A vacuole is a characteristic type of organelle found in plant and fungi cells and many single-cell organisms. The single large vacuole of the cell is surrounded by a membrane, called the tonoplast, and filled with a solution of water, dissolved ions , sugars, amino acids , and other materials.

In plants, nicotine and other toxins are stored in vacuoles, since these are as toxic to the plant as they are to the herbivores they are meant to repel. The tart juice of the orange and other citrus fruits is stored in vacuoles, as are the bright pigments that give autumn leaves their color. The vacuole also serves as waste disposal and recycling center for worn-out organelles, such as mitochondria and chloroplasts, and in this function they are similar to lysosomes in animal cells. Expansion of the vacuole by water intake is the major driving force in plant cell growth, and is also the means for maintaining cell rigidity, or turgor . To increase turgor, the tonoplast will pump ions or other material into the vacuole, causing water to infiltrate by osmosis . In a mature cell, the vacuole may occupy as much as 90 percent of the cell volume, such that the rest of the cell contents are flattened against the cell membrane.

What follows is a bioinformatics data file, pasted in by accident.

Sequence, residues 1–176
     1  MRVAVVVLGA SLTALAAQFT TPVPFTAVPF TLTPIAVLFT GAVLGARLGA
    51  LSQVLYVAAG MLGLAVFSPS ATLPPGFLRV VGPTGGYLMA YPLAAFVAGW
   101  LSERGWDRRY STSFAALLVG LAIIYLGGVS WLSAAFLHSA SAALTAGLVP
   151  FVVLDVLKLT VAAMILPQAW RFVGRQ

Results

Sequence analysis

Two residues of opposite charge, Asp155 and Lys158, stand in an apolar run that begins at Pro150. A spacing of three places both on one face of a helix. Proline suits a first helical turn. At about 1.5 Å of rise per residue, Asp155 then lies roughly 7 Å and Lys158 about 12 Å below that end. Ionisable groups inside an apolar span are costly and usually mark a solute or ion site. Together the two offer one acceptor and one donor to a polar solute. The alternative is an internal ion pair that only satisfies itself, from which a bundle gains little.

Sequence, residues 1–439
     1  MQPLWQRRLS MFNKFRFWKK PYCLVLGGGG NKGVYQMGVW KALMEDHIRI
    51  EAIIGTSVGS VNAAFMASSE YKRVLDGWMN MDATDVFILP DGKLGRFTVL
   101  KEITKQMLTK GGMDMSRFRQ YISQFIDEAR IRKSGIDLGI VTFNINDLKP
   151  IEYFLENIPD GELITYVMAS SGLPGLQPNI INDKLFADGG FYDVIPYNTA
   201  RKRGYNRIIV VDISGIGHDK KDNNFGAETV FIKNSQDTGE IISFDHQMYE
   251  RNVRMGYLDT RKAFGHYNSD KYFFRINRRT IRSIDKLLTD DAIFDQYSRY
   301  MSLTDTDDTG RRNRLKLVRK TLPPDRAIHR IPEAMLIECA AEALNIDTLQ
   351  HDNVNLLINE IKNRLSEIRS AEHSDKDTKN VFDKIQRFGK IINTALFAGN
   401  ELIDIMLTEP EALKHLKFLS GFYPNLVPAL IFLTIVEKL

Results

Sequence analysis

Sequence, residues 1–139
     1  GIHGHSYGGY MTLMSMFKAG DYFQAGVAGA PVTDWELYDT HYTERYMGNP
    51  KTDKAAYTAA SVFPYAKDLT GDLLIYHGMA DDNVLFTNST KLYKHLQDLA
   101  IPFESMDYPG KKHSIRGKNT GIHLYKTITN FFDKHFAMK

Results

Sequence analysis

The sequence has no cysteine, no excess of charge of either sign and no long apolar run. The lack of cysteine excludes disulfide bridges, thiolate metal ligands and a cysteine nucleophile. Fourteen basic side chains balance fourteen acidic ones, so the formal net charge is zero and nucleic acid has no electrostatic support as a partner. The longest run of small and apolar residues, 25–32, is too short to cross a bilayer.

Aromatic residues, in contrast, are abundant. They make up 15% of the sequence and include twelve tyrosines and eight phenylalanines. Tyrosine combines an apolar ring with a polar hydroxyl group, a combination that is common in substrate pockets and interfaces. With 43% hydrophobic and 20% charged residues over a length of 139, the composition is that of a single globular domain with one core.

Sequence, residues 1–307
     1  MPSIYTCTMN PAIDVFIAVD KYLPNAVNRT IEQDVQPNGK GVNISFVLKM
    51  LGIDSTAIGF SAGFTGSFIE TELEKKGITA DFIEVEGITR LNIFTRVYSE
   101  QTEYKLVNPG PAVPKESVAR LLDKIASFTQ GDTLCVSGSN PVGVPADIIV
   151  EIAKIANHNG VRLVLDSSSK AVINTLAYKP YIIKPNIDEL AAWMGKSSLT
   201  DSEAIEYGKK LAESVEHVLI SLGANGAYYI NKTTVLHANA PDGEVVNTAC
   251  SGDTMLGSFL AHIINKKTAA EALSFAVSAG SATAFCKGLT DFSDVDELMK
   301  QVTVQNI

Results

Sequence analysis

SEE ALSO Anatomy of Plants ; Cell Wall ; Fungi ; Protista ; Secondary Metabolites in Plants ; Water Movement in Plants

Richard Robinson


Raven, Peter, Ray F. Evert, and Susan E. Eichhorn. Biology of Plants, 6th ed. New York: W. H. Freeman and Company, 1999.

User Contributions:

Comment about this article, ask questions, or add new information about this topic: